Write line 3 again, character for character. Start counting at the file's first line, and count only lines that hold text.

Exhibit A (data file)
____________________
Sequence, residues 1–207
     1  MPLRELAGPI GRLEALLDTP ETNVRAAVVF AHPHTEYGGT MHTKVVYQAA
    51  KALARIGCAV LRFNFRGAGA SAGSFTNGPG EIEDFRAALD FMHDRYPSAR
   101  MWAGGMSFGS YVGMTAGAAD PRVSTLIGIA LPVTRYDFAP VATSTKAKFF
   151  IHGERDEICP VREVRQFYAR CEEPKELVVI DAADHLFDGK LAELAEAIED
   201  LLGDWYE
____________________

    51  KALARIGCAV LRFNFRGAGA SAGSFTNGPG EIEDFRAALD FMHDRYPSAR